abstract = "Given the high incidence of breast cancer in our society, it is common to encounter patients with macromastia who desire breast reduction after breast-conserving therapy by lumpectomy and radiation. We hypothesize that radiation leads to a significant increase in postoperative complications after breast reduction. All patients with a history of unilateral breast lumpectomy and radiation who subsequently underwent bilateral breast reduction by a single surgeon from 2004 to 2008 were retrospectively reviewed. Outcomes including cellulitis, wound breakdown, seroma, and need for repeat operations were compared between the radiated and nonradiated breast. The Fisher's exact test was used for statistical analysis. Twelve patients (mean age, 57 years) underwent bilateral breast reduction a mean of 86 months after unilateral lumpectomy and radiation. The nonradiated breasts had no complications postoperatively. The radiated breasts had a significant increase in complications with a total of five breasts (42{\%}, p < 0.04) having postoperative complications including cellulitis in two breasts, seroma requiring drainage in five breasts, two cases of fat necrosis, and one case of wound dehiscence. This resulted in two admissions for intravenous antibiotics and two repeat operative procedures. Additionally, three patients had significant breast asymmetry or contour deformities after reduction requiring operative revisions. Breast reduction after radiation leads to a significant increase in complications. Given this data, patients with macromastia undergoing breast conservation therapy for cancer should be considered for reduction at the time of lumpectomy and prior to radiation.",
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Breast reduction in the irradiated breast : Evidence for the role of breast reduction at the time of lumpectomy. / Parrett, Brian M.; Schook, Carolyn; Morris, Donald.

In: Breast Journal, Vol. 16, No. 5, 09.2010, p. 498-502.

Research output: Contribution to journalArticle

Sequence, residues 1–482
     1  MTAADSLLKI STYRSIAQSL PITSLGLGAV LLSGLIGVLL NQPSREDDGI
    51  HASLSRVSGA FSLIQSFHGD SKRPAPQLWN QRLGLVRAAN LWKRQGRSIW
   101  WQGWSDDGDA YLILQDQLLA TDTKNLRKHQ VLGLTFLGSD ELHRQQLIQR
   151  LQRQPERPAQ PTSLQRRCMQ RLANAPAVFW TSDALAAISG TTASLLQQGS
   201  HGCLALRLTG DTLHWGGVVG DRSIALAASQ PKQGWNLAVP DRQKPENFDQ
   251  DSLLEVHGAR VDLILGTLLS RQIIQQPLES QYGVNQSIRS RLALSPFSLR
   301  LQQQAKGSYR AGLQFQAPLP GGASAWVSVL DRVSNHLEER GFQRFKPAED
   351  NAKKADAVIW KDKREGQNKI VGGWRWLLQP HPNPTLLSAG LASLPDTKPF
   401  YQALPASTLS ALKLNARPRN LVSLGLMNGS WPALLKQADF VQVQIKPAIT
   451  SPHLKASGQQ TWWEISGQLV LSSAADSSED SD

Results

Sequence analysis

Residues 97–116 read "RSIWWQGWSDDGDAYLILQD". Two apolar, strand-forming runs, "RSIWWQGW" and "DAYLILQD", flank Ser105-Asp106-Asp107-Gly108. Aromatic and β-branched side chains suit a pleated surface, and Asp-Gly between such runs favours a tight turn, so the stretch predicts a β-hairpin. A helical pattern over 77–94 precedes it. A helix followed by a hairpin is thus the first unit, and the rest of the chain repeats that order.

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AB - Given the high incidence of breast cancer in our society, it is common to encounter patients with macromastia who desire breast reduction after breast-conserving therapy by lumpectomy and radiation. We hypothesize that radiation leads to a significant increase in postoperative complications after breast reduction. All patients with a history of unilateral breast lumpectomy and radiation who subsequently underwent bilateral breast reduction by a single surgeon from 2004 to 2008 were retrospectively reviewed. Outcomes including cellulitis, wound breakdown, seroma, and need for repeat operations were compared between the radiated and nonradiated breast. The Fisher's exact test was used for statistical analysis. Twelve patients (mean age, 57 years) underwent bilateral breast reduction a mean of 86 months after unilateral lumpectomy and radiation. The nonradiated breasts had no complications postoperatively. The radiated breasts had a significant increase in complications with a total of five breasts (42%, p < 0.04) having postoperative complications including cellulitis in two breasts, seroma requiring drainage in five breasts, two cases of fat necrosis, and one case of wound dehiscence. This resulted in two admissions for intravenous antibiotics and two repeat operative procedures. Additionally, three patients had significant breast asymmetry or contour deformities after reduction requiring operative revisions. Breast reduction after radiation leads to a significant increase in complications. Given this data, patients with macromastia undergoing breast conservation therapy for cancer should be considered for reduction at the time of lumpectomy and prior to radiation.